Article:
We're not sure how many times both of the Web's largest and perennially struggling portals can claim to be getting behind video...again. But much like AOL, Yahoo continues to insist it is devoted to the format. Variety's Andrew Wallenstein reports this morning that Yahoo is back in the business of creating TV-like series programming for the Web.
Wallenstein says the company is shopping to advertisers a slate of new shows scheduled to launch this fall in tandem with the network's traditional rollouts. This time the company is relying on some star power and is taking a decidedly female slant on the programming. Morgan Spurlock, most recently of "Day in the Life" and "Greatest Story Ever Sold" fame is among the people on board. Also cited for new shows are actress Judy Greer and "Clean House" host Niecy Nash. Much of the programming will be lifestyle-focused. Spurlock will do a reality show about 10 people trying to conquer their fear of failure in embarking on new challenges.
The big challenge for Web series has always been retention. I have been watching these brave and sometimes good new programming ideas come onto the Internet since the late 1990s, and I can't recall a web series I ever felt compelled to watch all the way through beyond a couple of episodes except Joss Whedon's inspired Dr. Horrible's Sing-Along Blog. In this case, however, the series was not only better than much of what one sees on TV, but it was blessedly compact with a focused story arc. I am not sure why more video programmers online have not taken this breakout success in the genre as a lesson in how audiences want to absorb Web video. Are we asking people to treat this platform like TV simply because if fits the familiar business models?
From the looks of Yahoo's plan, they still want desperately for the Web to be TV. Unlike earlier models for branded entertainment that led with sponsor identity and integration, Yahoo is taking a TV model of financing and creating the shows up front and shopping them to sponsors. As Wallenstein rightly points out, the press and investor criticism of Yahoo is belied by the continued traffic power of the site. It generated more than 47 million video streams in July, with more original programming streamed (27 million) than Hulu.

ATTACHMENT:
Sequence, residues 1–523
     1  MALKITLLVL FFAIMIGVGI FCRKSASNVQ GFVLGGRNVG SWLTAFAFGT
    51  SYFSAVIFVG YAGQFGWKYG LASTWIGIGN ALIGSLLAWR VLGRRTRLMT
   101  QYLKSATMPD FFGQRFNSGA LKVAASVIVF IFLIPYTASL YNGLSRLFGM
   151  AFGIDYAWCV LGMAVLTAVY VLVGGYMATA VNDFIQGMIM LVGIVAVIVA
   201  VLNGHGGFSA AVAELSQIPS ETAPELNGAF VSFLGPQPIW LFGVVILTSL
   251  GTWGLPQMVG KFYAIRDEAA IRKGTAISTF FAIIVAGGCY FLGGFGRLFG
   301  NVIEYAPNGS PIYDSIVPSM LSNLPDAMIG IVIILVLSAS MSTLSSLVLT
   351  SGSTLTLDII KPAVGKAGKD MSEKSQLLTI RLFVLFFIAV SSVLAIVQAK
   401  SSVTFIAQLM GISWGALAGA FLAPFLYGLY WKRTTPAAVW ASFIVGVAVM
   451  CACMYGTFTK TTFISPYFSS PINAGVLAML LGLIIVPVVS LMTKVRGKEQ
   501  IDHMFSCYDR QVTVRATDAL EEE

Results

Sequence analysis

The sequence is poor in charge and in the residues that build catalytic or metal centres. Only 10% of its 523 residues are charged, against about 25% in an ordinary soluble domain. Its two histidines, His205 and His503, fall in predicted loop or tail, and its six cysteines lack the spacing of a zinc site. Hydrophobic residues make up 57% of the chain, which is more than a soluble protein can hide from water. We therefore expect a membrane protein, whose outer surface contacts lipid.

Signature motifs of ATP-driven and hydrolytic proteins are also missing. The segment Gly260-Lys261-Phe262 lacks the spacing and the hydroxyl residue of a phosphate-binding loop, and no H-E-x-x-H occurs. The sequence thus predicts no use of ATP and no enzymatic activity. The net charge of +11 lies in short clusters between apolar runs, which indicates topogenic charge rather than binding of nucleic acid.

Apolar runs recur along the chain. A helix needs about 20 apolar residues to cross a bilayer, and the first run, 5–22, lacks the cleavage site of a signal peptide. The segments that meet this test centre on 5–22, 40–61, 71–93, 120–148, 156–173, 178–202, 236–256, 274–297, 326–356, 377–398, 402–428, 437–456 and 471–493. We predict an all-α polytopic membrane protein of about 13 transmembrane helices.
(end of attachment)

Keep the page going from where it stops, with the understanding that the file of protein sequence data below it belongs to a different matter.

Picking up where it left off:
The female skew Yahoo is pursing here is smart. Among the things the company has not been recognized for achieving is the launch of the Shine! lifestyle content portal, which made a big mark on the field. Likewise, Web originals like the TV recap show Prime Time in No Time and the relentless videos coming from their hugely successful OMG! celebrity news venue don't get the props they deserve.The Web still awaits a portal that can effectively market and distribute its Web only video programming with the precision and effectiveness of TV. One look at the current Yahoo Video page demonstrates the problem of how badly the portals have squandered the massive traffic they still attract. This barren set of thumbnails is dominated by brand-first videos of uncertain quality, "Butterfinger Comedy Network" and "Purina Animal All-Stars." The most compelling Yahoo video content is dumped into the bottom of a long and boring scroll that has none of the panache of the hulu interface and doesn't even merchandise as well as iTunes. Surely there is a way for a mighty portal such as this to leverage its traffic, back end user data and interface to make regularly scheduled Web programming more accessible and intriguing than this. I would prefer these big minds took bigger chances on changing the formats and content conceptions so that they match better the ways in which most of us really want to absorb online video. Dr. Horrible, where are you when we need you?